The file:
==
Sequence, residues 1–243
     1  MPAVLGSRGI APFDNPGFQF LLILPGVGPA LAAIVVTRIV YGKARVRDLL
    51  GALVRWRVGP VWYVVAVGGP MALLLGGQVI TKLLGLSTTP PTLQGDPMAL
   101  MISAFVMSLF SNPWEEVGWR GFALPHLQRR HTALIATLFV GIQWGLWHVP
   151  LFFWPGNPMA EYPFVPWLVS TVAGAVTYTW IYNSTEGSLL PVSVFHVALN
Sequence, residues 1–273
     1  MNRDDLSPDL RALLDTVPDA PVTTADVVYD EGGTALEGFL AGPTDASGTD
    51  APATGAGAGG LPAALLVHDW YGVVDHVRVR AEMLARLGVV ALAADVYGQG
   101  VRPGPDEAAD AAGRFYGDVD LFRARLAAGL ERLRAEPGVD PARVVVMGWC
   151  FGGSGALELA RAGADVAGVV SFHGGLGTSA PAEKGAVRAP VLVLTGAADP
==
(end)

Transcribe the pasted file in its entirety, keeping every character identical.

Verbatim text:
Sequence, residues 1–243
     1  MPAVLGSRGI APFDNPGFQF LLILPGVGPA LAAIVVTRIV YGKARVRDLL
    51  GALVRWRVGP VWYVVAVGGP MALLLGGQVI TKLLGLSTTP PTLQGDPMAL
   101  MISAFVMSLF SNPWEEVGWR GFALPHLQRR HTALIATLFV GIQWGLWHVP
   151  LFFWPGNPMA EYPFVPWLVS TVAGAVTYTW IYNSTEGSLL PVSVFHVALN
Sequence, residues 1–273
     1  MNRDDLSPDL RALLDTVPDA PVTTADVVYD EGGTALEGFL AGPTDASGTD
    51  APATGAGAGG LPAALLVHDW YGVVDHVRVR AEMLARLGVV ALAADVYGQG
   101  VRPGPDEAAD AAGRFYGDVD LFRARLAAGL ERLRAEPGVD PARVVVMGWC
   151  FGGSGALELA RAGADVAGVV SFHGGLGTSA PAEKGAVRAP VLVLTGAADP